If you think of beautiful writing on paper when you think of calligraphy, then think again. The ancient Arab art, which is being celebrated as part of a first-of-its-kind month-long biennale in Dubai, is adding oomph to abayas, jewellery, and fabric.
The inaugural Dubai Calligraphy Biennale, which will run till the end of October, will bring together some of the best calligraphers in the country in more than 19 exhibitions across 35 locations.
Historically, calligraphy was used to adorn architecture and personal objects but later became an instrument of artistic expression and visual communication. Today it continues to shape various creative disciples.
At the exhibition held at Al Safa Art and Design Library, there were several exhibits that vowed art lovers:
This dress, titled Pearla, is the brainchild of sister Hessa and Fatma Ali Aljoker. Working with renowned calligrapher Diaa Allam, the sisters got a poem of the UAE’s Founding Father, the late Sheikh Zayed bin Sultan Al Nahyan, crafted on this beautiful white dress.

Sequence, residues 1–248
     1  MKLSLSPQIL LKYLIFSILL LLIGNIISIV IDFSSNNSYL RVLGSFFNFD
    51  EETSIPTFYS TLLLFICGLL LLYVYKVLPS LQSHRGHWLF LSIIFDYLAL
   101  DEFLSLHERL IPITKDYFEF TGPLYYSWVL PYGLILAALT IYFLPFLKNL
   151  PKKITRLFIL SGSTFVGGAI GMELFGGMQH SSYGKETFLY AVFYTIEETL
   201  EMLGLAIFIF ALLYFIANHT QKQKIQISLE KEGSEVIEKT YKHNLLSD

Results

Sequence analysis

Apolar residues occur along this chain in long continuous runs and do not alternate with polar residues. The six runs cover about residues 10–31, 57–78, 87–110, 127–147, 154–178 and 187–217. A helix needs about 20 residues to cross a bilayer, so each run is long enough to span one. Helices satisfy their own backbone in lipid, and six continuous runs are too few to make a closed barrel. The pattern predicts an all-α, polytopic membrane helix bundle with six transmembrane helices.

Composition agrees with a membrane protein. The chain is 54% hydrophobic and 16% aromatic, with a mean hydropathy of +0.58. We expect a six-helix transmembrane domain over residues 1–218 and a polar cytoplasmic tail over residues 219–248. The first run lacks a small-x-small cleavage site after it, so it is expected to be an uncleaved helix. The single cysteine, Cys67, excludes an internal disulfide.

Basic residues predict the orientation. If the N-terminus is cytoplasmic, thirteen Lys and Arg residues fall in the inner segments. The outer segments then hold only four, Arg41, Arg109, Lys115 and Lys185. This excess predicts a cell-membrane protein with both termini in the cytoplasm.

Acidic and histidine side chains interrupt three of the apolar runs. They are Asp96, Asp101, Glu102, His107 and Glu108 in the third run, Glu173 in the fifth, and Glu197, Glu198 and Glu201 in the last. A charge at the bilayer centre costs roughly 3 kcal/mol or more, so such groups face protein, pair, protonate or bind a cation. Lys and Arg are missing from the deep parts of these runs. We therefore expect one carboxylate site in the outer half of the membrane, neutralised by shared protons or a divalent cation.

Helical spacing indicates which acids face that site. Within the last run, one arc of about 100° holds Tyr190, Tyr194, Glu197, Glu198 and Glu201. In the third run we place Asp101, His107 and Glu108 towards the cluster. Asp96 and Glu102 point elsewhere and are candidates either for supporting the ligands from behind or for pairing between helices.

Calligraphy on jewellery resulted in some breathtaking designs. This black ring has verses of the opening Surah (chapter) of the Holy Quran — Surah Al Fatiha — carved in silver.
This piece of jewellery — the Maktoub Cuff — is described as 'organised chaos' by the designer Nadine Kanso. Part of the Bilarabi collection, it reflects architectural designs in the form of different letters of varying heights.
This dress designed by Areen is titled The Portrayal of Paradise. It sports a geometric abstract pattern of calligraphy, instead of letters, and explores the concept of paradise among cultures.
For artist and fashion designer Feryal Albastaki, the exhibition was a way to express her appreciation for calligraphy. She has combined a painting of hers with the literary work of renowned Emirati poet Ousha al Suwaidi to create a spectacular jalabiya.
The regular abaya was elevated to pieces of art with calligraphy. Designer Shatha Essa has crafted a remarkable collection called Letters of Art that reflects the beauty of Arabic calligraphy.
Emirati artist Amna AlBanna exhibited five different types of fabric, which were inspired by brushwork and calligraphy aesthetics.
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